Harvest Monday - October 10, 2016
It's the Thanksgiving long weekend here in Canada which is a celebration of the bounty of the harvest...especially for us veg gardeners, no? Happy Thanksgiving to those that are celebrating this weekend, both here and abroad :)
Many of us are hunkering down with family and friends to enjoy some turkey, stuffing and pumpkin pie. As with most celebrations in my family, we had our big family dinner yesterday, leaving the holiday Monday as a day of relaxation and, just as important, leftovers :)
This year, we had dinner at my parents house and, wouldn't you know it, just as we are about to leave the weather network issues a frost alert. Ugh!!
Beautiful but deadly...
As soon as we returned home, flashlights in hand, we grabbed the mower (thankfully it has headlights) and loaded up all the squash we could find.
Although some of the squash are not fully ripe, they are changing colour which indicates that they have attained their full size. I'll be placing them in front of a south facing window for a few weeks to cure and/or ripen up. Last year, I had butternuts at a similar stage and they all ripened up and stored amazingly well.
Frosty squash leaves this morning
confirmed we made the right decision
After we harvested the squash, it was off to the bean bed where we covered it with plastic. Good thing too, from it's frosty appearance this morning (that's clear plastic on the bed):
Dried bean bed protected
Thankfully, I went through the tomato beds yesterday and harvested any tomatoes that showed even the slightest bit of colour:
At this stage, the tomato plants still look ok, but sometimes it takes a few hours for the damage to show. I'll be ripping out the sickest of the two remaining beds today as there is little left in it that is worthwhile. The last bed I'll leave for now as there are still a lot of tomatoes that seem full size and are likely on the verge of starting to ripen. Frosts are sometimes spotty - touching one part of the garden and not another - so there is a small chance that I may get a few more tomatoes from them.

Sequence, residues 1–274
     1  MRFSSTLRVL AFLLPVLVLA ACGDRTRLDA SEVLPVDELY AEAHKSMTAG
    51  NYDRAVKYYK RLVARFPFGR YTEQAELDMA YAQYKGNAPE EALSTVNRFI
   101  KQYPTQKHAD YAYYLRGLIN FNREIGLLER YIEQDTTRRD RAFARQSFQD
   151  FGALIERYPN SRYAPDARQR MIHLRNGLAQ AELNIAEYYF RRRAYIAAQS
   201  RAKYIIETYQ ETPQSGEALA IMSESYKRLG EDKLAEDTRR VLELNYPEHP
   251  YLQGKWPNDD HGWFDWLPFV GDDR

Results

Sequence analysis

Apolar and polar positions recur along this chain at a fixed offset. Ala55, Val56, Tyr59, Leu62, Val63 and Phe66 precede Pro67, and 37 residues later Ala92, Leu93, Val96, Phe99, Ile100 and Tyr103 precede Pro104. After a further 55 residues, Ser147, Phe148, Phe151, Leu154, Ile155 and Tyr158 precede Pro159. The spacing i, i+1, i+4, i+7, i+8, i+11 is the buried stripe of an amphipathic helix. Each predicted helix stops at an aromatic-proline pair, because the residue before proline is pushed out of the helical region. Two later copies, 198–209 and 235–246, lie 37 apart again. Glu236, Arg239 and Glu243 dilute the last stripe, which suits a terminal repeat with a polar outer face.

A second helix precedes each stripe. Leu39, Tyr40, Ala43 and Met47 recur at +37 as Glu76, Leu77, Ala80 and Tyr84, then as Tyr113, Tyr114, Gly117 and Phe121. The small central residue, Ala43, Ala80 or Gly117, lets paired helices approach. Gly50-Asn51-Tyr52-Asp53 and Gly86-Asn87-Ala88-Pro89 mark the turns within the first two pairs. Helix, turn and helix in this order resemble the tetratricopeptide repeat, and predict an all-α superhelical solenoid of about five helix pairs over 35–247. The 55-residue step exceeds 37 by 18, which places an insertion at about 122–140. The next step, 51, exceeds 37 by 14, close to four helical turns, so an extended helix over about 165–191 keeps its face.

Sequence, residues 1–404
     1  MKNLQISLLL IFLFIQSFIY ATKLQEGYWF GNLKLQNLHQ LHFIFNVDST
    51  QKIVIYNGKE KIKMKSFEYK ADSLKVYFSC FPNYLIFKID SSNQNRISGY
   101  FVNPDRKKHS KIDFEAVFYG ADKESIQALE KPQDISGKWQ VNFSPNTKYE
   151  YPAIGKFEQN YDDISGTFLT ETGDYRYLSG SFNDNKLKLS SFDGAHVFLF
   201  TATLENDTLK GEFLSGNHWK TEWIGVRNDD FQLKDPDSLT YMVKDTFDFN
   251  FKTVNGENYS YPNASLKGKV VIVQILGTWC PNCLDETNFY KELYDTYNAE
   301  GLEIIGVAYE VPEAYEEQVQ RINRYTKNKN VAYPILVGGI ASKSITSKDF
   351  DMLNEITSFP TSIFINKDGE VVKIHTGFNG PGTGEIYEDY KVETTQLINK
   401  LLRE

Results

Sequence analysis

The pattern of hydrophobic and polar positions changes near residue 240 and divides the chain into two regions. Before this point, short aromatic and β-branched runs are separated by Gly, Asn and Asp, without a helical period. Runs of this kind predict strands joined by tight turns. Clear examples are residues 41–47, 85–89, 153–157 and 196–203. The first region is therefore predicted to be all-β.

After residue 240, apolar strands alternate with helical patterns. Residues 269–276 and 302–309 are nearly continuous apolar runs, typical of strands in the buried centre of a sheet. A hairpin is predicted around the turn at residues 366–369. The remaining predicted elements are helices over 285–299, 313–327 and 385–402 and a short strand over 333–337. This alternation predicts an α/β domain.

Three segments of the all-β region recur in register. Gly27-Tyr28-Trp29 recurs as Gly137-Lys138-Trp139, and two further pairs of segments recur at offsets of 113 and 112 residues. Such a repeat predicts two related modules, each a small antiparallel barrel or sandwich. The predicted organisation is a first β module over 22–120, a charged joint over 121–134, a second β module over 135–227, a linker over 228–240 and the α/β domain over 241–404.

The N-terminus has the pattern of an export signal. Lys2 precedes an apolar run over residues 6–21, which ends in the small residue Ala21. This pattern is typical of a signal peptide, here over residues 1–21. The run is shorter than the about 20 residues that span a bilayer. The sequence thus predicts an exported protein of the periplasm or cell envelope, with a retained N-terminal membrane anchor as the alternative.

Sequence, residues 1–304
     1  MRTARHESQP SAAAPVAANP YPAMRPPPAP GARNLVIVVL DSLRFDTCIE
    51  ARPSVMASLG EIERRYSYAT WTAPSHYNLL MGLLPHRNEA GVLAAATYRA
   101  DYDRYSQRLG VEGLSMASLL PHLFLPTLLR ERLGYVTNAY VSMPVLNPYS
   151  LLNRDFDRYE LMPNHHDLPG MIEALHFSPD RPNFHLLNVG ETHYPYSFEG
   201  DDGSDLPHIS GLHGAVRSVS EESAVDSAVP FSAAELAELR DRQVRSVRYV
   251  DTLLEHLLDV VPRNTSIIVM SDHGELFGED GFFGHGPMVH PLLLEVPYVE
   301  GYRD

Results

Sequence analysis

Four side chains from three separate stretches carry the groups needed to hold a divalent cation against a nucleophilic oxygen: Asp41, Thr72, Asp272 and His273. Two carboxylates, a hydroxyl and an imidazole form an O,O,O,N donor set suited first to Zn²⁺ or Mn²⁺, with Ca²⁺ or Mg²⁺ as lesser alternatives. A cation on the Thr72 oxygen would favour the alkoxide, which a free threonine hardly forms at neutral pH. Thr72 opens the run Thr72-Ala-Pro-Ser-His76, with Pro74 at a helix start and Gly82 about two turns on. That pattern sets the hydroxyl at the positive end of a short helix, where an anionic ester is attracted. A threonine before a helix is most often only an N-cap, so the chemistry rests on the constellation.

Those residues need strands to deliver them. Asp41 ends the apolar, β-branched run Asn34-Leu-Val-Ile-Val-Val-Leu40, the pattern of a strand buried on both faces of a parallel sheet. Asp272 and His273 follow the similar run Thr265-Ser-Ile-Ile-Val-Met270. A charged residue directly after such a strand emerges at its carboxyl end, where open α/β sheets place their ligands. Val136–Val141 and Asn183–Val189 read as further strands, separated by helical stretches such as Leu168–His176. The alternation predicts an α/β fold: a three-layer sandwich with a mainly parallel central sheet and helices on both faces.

Peppers were harvested earlier in the week, together with some broccoli:
Pepper plants, surprisingly, are a bit more resilient when it comes to frost than tomato plants. There are still quite a few peppers left to pick, which I will do today, and then I'll clean up the bed. With the heat of the summer officially gone and our temperatures back at seasonal levels, there's no point in leaving them any longer.
Unlike tomatoes, I've found that peppers don't ripen up very well indoors unless they are already well on their way to being fully ripe. Now apparently this had a lot to do with factors such as humidity & temperature - I've read that some people have very good luck getting them from green to fully ripe without going soft. Perhaps my kitchen counter just doesn't provide the best pepper ripening environment.
This past week, I finally had the opportunity to shell and tally up the dried beans that were harvested way back in August and have been drying in the garage ever since.
Clockwise from top left: Cherokee Trail of Tears, Walcherse White,
Canadian Wonder, Speckled Cranberry
The last of the potatoes were harvested and the results were pretty much the same as those from the 1st half of the bed:
Left: Caribe & a few leftover Bintje
Right: Yukon Gold & Roko
Normally I would tally up a large herb harvest such as this, but I was in such hurry to get going on making some pesto that I completely forgot.
Also harvested but not photographed were a couple more pickings of raspberries and a small tromboncino, picked just before I pulled the vines.
Another frost warning was issued for tonight. Looks like it's going to be a busy afternoon...
My harvest totals this week were:
Dried beans - 2,140 grams (4.72 lbs)
Broccoli - 342 grams (0.75 lbs)
Sweet Peppers - 310 grams (0.68 lbs)
Hot Peppers - 420 grams (0.93 lbs)
Potatoes - 5,767 grams (12.71 lbs)
Summer Squash - 156 grams (0.34 lbs)
Tomatoes - 3,062 grams (6.75 lbs)
Raspberries - 40 grams (0.09 lbs)
Total for Week – 12,237 grams (26.98 lbs)
Total to Date – 221.52 kg (488.35 lbs)
To see what everyone else has been harvesting over the past week, head on over to Our Happy Acres where Dave is our host for Harvest Mondays.